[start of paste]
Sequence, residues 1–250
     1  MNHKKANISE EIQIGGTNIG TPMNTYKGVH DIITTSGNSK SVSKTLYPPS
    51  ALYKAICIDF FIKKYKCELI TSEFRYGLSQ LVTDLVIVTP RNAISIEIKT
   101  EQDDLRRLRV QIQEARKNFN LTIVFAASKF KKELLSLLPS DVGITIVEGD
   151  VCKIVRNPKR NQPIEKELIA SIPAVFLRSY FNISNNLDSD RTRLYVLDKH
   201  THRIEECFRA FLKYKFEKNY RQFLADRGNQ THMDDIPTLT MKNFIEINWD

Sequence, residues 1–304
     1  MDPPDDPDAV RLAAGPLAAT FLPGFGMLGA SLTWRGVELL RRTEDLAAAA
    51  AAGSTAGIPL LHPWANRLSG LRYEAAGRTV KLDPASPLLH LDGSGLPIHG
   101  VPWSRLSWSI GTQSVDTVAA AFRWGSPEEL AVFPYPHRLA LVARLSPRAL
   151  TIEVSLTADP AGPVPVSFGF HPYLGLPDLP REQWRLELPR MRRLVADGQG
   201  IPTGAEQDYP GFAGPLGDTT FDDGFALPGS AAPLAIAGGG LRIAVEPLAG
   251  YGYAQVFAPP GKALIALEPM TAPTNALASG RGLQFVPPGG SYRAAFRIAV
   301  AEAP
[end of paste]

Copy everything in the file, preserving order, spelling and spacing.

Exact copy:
Sequence, residues 1–250
     1  MNHKKANISE EIQIGGTNIG TPMNTYKGVH DIITTSGNSK SVSKTLYPPS
    51  ALYKAICIDF FIKKYKCELI TSEFRYGLSQ LVTDLVIVTP RNAISIEIKT
   101  EQDDLRRLRV QIQEARKNFN LTIVFAASKF KKELLSLLPS DVGITIVEGD
   151  VCKIVRNPKR NQPIEKELIA SIPAVFLRSY FNISNNLDSD RTRLYVLDKH
   201  THRIEECFRA FLKYKFEKNY RQFLADRGNQ THMDDIPTLT MKNFIEINWD

Sequence, residues 1–304
     1  MDPPDDPDAV RLAAGPLAAT FLPGFGMLGA SLTWRGVELL RRTEDLAAAA
    51  AAGSTAGIPL LHPWANRLSG LRYEAAGRTV KLDPASPLLH LDGSGLPIHG
   101  VPWSRLSWSI GTQSVDTVAA AFRWGSPEEL AVFPYPHRLA LVARLSPRAL
   151  TIEVSLTADP AGPVPVSFGF HPYLGLPDLP REQWRLELPR MRRLVADGQG
   201  IPTGAEQDYP GFAGPLGDTT FDDGFALPGS AAPLAIAGGG LRIAVEPLAG
   251  YGYAQVFAPP GKALIALEPM TAPTNALASG RGLQFVPPGG SYRAAFRIAV
   301  AEAP